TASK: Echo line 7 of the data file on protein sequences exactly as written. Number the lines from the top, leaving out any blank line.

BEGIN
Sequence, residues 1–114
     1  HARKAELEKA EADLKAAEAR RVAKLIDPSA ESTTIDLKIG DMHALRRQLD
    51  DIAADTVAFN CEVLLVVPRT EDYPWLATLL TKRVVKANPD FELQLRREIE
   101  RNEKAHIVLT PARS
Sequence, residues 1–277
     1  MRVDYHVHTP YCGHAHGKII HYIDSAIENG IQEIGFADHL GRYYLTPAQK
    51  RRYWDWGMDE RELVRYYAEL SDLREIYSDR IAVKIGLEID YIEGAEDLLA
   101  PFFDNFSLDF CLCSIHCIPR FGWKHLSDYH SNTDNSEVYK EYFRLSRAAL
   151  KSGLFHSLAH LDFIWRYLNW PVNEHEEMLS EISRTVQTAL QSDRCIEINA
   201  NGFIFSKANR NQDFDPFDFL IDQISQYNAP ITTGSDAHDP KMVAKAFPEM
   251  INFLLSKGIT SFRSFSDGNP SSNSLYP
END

    51  RRYWDWGMDE RELVRYYAEL SDLREIYSDR IAVKIGLEID YIEGAEDLLA